What are you working on now?
I’m taking a two-pronged approach to publishing, trying to go the traditional route and the self-published route simultaneously. I think my fantasy saga, The Crown and the Chain, has real sea-legs to go the traditional publishing route, so I’m working on the second book, The Season of the Cerulyn, while The Season of the Plough awaits revision to make another go-round of the query circuit.
I’ve wanted to try self-publishing as well, which has lost a lot of its “vanity press” stigma in the past few years and is now a really legitimate model not just for emerging writers, but for full-time professionals. The money can be just as good, and there’s an immediate gratification to putting something in print a month three weeks after you finish polishing it, rather than three years. But you have to be careful; once you self-publish something, a lot of traditional publishers and agents won’t touch it.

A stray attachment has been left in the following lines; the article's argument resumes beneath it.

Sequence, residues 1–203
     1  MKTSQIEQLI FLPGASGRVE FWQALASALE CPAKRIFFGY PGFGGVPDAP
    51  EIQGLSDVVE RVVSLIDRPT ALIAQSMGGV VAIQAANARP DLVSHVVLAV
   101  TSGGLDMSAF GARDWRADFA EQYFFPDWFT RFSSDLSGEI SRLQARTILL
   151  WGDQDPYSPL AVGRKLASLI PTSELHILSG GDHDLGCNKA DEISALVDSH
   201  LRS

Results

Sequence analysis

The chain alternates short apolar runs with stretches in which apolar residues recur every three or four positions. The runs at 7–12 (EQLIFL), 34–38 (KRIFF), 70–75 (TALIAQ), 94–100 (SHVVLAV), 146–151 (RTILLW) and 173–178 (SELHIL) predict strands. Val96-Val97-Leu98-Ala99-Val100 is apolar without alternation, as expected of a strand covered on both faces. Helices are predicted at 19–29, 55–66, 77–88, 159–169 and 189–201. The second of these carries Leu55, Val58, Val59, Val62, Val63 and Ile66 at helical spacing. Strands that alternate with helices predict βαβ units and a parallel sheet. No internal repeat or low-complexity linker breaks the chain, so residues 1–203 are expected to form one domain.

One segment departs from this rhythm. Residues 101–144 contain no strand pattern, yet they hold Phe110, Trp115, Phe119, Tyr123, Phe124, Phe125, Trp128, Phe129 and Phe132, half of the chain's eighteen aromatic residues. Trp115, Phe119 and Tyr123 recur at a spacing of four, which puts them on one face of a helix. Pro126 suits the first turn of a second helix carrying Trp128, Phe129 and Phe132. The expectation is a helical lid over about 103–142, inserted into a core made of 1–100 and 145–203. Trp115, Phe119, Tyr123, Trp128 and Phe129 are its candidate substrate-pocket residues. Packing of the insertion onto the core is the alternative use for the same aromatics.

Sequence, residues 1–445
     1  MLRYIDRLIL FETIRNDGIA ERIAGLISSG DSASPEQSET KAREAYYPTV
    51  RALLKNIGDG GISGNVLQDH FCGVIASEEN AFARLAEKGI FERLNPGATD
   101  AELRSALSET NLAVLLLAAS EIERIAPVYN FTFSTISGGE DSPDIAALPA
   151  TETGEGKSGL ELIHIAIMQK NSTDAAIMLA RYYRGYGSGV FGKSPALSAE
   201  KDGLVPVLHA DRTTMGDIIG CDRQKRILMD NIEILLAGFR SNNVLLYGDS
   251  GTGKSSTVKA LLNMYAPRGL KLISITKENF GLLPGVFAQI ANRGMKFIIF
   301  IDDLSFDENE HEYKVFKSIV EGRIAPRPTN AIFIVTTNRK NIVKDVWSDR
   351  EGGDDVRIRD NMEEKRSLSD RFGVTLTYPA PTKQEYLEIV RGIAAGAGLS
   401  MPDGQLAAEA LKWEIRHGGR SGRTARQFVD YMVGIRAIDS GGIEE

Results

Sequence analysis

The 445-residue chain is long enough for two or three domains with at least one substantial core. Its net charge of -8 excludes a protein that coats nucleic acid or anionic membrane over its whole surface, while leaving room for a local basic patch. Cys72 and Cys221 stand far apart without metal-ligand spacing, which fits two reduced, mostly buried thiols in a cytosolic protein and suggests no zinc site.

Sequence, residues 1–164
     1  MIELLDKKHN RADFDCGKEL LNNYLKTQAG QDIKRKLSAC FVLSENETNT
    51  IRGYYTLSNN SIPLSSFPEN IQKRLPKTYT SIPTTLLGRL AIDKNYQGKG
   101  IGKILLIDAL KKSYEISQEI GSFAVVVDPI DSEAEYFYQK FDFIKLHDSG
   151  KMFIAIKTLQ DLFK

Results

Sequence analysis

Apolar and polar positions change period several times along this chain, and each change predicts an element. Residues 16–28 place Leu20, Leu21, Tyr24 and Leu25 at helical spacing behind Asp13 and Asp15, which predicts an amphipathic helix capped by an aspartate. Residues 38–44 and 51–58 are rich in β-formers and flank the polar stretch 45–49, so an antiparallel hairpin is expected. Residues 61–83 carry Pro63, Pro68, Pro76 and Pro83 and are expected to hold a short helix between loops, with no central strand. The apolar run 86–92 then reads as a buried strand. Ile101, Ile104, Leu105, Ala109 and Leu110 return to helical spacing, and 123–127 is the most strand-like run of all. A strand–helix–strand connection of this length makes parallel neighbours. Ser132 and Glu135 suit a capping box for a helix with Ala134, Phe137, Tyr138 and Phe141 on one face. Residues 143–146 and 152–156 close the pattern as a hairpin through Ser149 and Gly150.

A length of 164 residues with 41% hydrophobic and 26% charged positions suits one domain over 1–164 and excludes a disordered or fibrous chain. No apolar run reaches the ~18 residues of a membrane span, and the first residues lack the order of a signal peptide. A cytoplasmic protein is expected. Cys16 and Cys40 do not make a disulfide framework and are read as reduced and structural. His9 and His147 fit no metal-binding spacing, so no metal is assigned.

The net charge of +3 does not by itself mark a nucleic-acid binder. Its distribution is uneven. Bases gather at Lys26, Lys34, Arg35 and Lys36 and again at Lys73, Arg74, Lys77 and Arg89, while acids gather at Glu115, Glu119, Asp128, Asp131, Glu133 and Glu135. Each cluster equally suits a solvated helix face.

Because The Crown and the Chain is kind of a lifelong project, and publishing the first volume might compromise the whole series, I don’t want to “waste” it on self-publishing when it might do very well in the mainstream. So instead of pushing a saga meant for traditional publishing into a model it’s not meant for, I’ve set out to write a series of one-off works specifically with self-publication in mind. That’s where my original fairy-tale, Heartblood, came from.